They observed a rapid tenfold increase in unfolding enthalpy at the endosomal pH, which locks the S protein into a conformation where all RBDs are facing down. This causes antibodies like CR3022 to be shed since it binds to hidden epitopes that are inaccessible in this conformation. This switch may be among a way in which the virus has developed its method of escaping immune surveillance.
The S protein can recognize ACE2 even when bound to CR3022, and the complex enters the endosome.
Asp protonation at low pH refolds switch domain locking RBD in the down position; an Asp614Gly variant has altered interactions with ACE2 and modestly impaired conformational masking. Schematic of the pH-switch locking of RBD in the down position.
CryoEM Shows Two Configurations at Different pH
The scientists in this study also carried out cryo-electron microscopy (cryo-EM) of the isolated spike protein in isolation and in complex with the ACE2 receptor. This revealed two configurations: a single-RBD-up and an all-RBD-down conformation. At the physiological pH of 5.5, the former predominates. Still, the conformational change to the latter state at the endosomal pH of 4.5 allows non-neutralizing antibodies to bind avidly and tightly to the RBD, which means that neutralizing antibodies are blocked despite a relatively high titer.
This mechanism is suggested to be responsible for immune evasion by SARS-CoV-2. A new strain of SARS-CoV-2, called the Asp614Gly, is seen to be less adept at this evasion, with markedly less enthalpy of unfolding, which allows for easy comparison of its mechanism of binding.
Possible Neutralization Methods
The researchers suggest three ways to neutralize the virus in the face of this conformational change that masks neutralizing epitopes. One is via antibodies that block the binding of the virus to ACE2, since this prevents the virus from entering the acidic endosomes and undergoing conformational change.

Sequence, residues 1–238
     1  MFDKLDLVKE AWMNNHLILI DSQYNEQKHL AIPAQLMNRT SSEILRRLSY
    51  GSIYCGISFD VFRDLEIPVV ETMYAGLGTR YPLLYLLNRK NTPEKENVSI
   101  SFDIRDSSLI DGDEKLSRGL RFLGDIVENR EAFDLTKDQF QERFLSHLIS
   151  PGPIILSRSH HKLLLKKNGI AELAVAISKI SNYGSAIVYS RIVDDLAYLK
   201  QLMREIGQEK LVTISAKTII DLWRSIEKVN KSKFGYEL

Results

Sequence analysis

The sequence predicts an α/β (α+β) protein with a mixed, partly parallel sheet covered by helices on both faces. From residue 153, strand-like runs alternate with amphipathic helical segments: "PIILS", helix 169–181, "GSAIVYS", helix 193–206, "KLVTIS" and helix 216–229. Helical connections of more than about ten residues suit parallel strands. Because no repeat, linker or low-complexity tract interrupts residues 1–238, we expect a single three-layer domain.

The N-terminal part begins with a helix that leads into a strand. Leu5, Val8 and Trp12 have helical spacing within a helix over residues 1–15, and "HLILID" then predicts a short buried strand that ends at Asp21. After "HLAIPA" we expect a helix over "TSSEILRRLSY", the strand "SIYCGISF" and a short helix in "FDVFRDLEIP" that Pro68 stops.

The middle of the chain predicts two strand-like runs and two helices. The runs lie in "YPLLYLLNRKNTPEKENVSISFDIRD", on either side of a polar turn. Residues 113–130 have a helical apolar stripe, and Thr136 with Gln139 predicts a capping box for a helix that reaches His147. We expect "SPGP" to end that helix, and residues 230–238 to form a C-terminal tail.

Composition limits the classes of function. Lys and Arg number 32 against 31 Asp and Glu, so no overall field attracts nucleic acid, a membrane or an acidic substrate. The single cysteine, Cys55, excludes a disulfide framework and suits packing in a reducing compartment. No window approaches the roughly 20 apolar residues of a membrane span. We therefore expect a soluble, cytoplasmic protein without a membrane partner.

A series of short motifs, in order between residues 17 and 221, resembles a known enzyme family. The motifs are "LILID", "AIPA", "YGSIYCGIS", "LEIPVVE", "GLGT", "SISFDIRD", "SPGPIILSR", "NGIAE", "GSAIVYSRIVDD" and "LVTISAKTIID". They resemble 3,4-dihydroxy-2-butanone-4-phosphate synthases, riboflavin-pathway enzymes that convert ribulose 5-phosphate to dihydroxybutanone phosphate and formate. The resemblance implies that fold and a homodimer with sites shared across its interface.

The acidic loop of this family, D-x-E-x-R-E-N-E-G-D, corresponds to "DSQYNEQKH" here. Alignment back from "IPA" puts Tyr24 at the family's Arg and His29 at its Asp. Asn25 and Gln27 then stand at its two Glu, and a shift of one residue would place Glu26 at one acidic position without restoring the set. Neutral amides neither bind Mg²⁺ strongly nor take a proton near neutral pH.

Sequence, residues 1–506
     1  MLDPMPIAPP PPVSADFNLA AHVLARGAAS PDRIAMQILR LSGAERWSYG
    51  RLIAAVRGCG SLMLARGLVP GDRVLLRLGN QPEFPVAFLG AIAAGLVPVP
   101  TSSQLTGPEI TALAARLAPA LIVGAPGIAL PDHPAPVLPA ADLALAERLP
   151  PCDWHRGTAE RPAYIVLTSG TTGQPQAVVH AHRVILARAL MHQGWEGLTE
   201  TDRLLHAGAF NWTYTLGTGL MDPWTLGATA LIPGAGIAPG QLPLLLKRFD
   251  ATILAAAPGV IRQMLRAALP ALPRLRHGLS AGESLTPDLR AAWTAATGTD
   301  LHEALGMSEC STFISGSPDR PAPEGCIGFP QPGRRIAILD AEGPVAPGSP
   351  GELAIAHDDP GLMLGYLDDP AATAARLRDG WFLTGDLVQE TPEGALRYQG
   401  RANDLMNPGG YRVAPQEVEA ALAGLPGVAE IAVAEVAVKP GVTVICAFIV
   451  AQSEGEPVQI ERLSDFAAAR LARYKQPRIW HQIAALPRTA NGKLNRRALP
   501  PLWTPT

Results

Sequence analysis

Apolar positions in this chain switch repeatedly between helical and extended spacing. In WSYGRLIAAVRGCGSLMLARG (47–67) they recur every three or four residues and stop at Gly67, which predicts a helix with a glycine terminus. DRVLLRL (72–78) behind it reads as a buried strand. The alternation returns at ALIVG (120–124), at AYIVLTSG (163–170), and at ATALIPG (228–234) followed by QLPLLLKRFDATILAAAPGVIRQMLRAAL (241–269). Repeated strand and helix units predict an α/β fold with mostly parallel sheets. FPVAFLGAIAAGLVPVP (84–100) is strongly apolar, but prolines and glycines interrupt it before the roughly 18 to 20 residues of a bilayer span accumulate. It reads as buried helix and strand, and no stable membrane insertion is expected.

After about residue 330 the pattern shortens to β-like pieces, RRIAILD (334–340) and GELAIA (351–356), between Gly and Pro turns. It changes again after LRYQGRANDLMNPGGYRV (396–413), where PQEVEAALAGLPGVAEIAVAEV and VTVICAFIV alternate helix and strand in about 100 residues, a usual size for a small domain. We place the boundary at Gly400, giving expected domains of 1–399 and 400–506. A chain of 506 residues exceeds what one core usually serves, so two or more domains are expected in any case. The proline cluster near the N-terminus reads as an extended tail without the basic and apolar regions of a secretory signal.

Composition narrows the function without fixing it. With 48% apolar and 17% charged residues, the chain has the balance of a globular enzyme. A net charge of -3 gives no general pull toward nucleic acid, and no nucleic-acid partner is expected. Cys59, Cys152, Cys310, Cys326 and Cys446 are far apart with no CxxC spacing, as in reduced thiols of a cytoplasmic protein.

CR3022 is unable to neutralize the virus because of the masking of its bivalent epitope by the conformational switch at pH 4.5. This reduces its binding affinity a thousand times. Another route to overcome this effect is to use antibodies that have still higher affinity, by a few orders of magnitude, to overcome the effect produced by conformational masking at low pH.
Finally, antibodies that bind to the second spike conformation, where all RBDs are in the downstate, may neutralize the virus by locking it in this state. It is perhaps important that multiple neutralizing antibodies are now known to bind to the spike antigen in this conformation.
The investigators say, “We propose the all-down pH 4-locked conformation of the spike as a vaccine target, along the lines of what has been done to surmount evasion for other viral type 1 fusion machines, such as from RSV, HIV, and others.”
bioRxiv publishes preliminary scientific reports that are not peer-reviewed and, therefore, should not be regarded as conclusive, guide clinical practice/health-related behavior, or treated as established information.